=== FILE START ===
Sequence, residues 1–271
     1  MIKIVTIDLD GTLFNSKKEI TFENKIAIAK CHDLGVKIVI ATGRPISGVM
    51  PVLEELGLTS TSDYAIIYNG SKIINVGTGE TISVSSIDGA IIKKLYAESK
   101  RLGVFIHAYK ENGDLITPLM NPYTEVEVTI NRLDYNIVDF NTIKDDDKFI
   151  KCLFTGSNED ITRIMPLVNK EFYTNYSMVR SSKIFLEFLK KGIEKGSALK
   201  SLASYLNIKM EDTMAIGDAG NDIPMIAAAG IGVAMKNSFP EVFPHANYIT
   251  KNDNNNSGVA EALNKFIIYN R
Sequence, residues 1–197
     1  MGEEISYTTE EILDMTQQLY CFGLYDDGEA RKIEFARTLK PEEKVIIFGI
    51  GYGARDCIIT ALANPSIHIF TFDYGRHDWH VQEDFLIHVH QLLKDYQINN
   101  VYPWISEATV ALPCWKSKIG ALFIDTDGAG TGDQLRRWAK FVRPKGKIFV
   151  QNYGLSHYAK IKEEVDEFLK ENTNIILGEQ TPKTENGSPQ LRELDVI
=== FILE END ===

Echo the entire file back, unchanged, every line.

Sequence, residues 1–271
     1  MIKIVTIDLD GTLFNSKKEI TFENKIAIAK CHDLGVKIVI ATGRPISGVM
    51  PVLEELGLTS TSDYAIIYNG SKIINVGTGE TISVSSIDGA IIKKLYAESK
   101  RLGVFIHAYK ENGDLITPLM NPYTEVEVTI NRLDYNIVDF NTIKDDDKFI
   151  KCLFTGSNED ITRIMPLVNK EFYTNYSMVR SSKIFLEFLK KGIEKGSALK
   201  SLASYLNIKM EDTMAIGDAG NDIPMIAAAG IGVAMKNSFP EVFPHANYIT
   251  KNDNNNSGVA EALNKFIIYN R
Sequence, residues 1–197
     1  MGEEISYTTE EILDMTQQLY CFGLYDDGEA RKIEFARTLK PEEKVIIFGI
    51  GYGARDCIIT ALANPSIHIF TFDYGRHDWH VQEDFLIHVH QLLKDYQINN
   101  VYPWISEATV ALPCWKSKIG ALFIDTDGAG TGDQLRRWAK FVRPKGKIFV
   151  QNYGLSHYAK IKEEVDEFLK ENTNIILGEQ TPKTENGSPQ LRELDVI